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Why Put Fluorite In A Telescope?

The lens surface you’re looking at isn’t made of glass!

What is Fluorite?

We know fluoride is good for teeth, but why is it good for telescopes? Crystalline calcium fluoride (aka Fluorite) is a naturally occurring crystalline mineral with the simple chemical formula CaF2. For optical use, though, the crystal has to be grown in controlled conditions – natural fluorite has too many flaws, inclusions and staining. So Fluorite is not a glass (glass has no regular crystal structure).

The good thing about fluorite, from an optical standpoint, is that it has a very low dispersion, lower than any glass. Dispersion is the property of an optical material that measures how much it spreads light of different wavelengths to create a spectrum. So, when paired with a suitable high-dispersion glass for the negative element, fluorite can help make an objective with a very low secondary spectrum, i.e. a good apochromat with minimal chromatic aberrations.

So why don’t all lens telescopes use fluorite? The answer of course is that fluorite is expensive; it is also fragile and difficult to work. So, in recent years, glasses that approach the optical properties of fluorite have been developed. Such glasses contain a high proportion of fluorides, in place of the usual oxides. These are described as “ED” or “SD” glasses; FPL53 (and more recently FPL55) is a common example from the Japanese glass maker Ohara. These glasses have optical properties very close to those of fluorite, but still not quite as good.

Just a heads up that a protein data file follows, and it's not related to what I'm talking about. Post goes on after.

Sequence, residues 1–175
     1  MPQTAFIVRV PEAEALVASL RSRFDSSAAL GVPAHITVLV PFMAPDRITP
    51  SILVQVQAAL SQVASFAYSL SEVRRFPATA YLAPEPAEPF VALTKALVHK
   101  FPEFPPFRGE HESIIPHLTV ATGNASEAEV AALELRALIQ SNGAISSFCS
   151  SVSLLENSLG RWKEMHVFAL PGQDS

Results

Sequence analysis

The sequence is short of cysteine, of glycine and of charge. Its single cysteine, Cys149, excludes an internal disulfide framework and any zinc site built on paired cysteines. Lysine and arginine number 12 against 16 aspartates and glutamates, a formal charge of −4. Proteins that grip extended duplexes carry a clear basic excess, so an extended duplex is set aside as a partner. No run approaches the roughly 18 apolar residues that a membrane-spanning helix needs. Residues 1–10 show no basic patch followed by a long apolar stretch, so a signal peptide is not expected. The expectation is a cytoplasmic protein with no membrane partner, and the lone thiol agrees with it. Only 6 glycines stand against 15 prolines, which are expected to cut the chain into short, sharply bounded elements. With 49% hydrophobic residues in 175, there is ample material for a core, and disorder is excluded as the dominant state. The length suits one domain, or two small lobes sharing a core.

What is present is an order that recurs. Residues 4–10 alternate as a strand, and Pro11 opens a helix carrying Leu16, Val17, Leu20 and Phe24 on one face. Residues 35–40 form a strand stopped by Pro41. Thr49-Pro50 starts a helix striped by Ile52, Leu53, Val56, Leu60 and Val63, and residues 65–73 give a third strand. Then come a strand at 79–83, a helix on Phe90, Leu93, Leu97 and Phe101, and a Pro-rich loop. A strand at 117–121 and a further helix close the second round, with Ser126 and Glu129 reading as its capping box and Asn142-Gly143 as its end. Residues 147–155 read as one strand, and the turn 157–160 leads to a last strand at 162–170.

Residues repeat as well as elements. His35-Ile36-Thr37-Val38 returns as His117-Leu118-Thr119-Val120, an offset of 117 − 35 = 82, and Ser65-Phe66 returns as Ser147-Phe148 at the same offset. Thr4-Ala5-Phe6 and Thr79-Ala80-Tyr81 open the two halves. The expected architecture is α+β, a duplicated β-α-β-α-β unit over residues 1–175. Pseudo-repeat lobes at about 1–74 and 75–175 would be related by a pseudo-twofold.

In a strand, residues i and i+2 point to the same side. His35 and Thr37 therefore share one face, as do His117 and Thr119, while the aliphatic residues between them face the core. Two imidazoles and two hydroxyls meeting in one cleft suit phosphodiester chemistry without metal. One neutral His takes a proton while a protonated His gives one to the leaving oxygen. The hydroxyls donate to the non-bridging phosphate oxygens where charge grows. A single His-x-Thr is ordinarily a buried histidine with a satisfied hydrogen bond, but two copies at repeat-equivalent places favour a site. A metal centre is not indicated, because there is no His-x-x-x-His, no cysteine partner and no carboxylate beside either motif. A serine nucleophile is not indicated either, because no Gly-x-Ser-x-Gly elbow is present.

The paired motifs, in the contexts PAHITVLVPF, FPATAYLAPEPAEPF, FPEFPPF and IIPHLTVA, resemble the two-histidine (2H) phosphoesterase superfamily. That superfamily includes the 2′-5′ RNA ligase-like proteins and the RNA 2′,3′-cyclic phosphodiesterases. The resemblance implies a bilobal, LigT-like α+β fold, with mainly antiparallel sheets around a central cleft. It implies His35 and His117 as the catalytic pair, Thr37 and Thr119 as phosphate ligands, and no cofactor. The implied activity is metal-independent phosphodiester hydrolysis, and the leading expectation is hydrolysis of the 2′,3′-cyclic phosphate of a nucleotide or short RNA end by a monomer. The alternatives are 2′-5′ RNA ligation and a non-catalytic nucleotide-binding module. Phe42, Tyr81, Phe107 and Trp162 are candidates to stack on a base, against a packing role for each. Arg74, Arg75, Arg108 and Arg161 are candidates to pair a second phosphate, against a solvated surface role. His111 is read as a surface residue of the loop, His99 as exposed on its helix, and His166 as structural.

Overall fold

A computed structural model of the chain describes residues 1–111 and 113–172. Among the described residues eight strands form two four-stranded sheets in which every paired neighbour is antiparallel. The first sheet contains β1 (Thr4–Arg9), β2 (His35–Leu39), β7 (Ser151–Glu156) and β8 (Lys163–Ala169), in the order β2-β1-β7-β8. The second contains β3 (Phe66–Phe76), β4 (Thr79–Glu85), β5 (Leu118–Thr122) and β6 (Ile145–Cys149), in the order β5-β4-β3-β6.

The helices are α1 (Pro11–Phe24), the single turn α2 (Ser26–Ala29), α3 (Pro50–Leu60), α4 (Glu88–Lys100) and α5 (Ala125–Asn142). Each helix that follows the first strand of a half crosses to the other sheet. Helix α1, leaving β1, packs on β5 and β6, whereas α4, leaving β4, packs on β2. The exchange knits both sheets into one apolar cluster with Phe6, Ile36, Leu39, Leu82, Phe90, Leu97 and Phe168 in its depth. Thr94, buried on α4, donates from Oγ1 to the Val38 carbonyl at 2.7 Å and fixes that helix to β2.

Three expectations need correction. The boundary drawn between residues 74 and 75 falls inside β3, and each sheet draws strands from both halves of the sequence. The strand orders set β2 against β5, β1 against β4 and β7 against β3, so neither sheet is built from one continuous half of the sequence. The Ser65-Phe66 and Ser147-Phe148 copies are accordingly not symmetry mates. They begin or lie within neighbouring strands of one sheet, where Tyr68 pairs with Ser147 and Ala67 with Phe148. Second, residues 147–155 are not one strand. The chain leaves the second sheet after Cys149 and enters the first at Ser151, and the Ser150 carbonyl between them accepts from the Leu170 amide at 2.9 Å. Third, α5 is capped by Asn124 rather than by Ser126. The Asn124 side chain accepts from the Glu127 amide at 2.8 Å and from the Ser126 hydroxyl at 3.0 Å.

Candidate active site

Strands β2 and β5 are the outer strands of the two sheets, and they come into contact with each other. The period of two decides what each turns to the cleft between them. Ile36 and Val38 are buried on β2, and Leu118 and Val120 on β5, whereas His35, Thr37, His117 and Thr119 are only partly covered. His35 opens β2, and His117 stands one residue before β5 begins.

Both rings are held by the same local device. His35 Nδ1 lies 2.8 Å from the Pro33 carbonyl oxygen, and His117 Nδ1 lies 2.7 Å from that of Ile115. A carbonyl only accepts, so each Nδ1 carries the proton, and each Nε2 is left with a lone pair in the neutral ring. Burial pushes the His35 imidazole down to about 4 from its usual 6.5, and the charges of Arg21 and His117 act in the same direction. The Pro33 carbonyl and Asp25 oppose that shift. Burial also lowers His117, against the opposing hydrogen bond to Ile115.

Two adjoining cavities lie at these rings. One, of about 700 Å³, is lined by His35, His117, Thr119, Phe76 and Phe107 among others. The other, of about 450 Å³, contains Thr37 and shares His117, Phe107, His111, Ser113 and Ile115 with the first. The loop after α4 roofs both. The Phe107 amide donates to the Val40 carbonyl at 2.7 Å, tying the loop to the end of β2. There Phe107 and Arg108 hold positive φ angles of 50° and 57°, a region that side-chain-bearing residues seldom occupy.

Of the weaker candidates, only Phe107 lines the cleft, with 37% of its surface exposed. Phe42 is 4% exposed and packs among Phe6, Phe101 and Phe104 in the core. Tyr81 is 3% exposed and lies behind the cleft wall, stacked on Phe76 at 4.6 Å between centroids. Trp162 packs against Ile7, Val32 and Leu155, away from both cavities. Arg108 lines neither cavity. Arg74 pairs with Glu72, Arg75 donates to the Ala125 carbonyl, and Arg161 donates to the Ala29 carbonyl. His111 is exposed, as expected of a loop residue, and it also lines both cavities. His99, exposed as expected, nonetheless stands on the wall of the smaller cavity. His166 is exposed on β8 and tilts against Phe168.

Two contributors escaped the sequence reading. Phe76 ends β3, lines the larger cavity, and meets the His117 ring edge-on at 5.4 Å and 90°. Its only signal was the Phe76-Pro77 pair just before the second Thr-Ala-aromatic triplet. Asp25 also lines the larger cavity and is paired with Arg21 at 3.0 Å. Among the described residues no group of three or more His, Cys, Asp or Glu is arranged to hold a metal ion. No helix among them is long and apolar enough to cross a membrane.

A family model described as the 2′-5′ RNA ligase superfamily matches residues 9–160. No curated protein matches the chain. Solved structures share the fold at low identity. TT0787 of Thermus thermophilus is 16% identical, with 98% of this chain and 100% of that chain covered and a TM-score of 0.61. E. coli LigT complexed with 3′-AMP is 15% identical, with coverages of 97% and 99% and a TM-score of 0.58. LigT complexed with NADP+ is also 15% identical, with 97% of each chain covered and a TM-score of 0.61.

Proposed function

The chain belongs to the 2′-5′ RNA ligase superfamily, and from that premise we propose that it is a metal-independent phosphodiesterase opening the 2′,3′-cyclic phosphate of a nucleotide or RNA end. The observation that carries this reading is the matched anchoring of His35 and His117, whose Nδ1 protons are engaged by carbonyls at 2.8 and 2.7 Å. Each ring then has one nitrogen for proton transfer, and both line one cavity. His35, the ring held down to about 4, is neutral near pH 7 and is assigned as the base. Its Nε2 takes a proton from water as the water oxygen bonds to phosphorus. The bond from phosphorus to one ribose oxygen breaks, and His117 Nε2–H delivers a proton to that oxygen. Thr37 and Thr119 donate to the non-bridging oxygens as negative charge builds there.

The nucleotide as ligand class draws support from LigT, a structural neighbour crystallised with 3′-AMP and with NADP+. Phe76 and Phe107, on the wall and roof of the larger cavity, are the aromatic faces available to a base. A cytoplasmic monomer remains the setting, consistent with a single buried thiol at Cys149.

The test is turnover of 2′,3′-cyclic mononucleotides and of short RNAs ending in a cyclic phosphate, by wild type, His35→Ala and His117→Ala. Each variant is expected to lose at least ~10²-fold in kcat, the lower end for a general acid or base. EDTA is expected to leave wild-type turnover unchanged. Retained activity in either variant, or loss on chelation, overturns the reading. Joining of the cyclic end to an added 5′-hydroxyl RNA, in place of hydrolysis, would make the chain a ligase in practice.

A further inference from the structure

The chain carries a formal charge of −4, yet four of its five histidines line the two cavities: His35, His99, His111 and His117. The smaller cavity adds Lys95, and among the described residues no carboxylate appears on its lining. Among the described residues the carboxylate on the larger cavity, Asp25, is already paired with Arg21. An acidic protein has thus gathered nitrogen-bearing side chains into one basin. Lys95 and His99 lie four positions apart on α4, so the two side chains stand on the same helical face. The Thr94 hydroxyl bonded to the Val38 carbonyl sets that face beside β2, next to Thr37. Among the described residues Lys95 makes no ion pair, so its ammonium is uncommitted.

In many cases, telescopes advertised as using fluorite (or bearing a designation like “FL”) actually use high-fluoride glasses and not crystalline fluorite. Exceptions are Takahashi doublets (and older triplets), Borg doublets, the old Vixen ‘FL’ series and modern apochromats from TEC (Telescope Engineering Company); the recent Vixen FL55SS too.

TEC still use fluorite in its bigger lenses because, I believe, ED glass blanks just aren’t available in large sizes.

Is Fluorite Better?

As the makers of modern APOs using ED glass will tell you, there is only a small difference between a premium ED glass like FPL53 and Fluorite, but the remaining difference does mean that for a given size and focal ratio a fluorite refractor can have a lower level of chromatic aberration than an ED one. In smaller and/or slower triplets this difference doesn’t matter much because it’s possible to get near-perfect correction with ED glass; apochromats like Takahashi’s TSA series, LZOS lenses and recent Astro-Physics models demonstrate this.

However, for large or fast triplets, and for doublets, fluorite does have a real advantage over ED glass. What’s more, fluorite scatters light less than glass, something I think you can see when you compare a Takahashi FS doublet to just about any other refractor.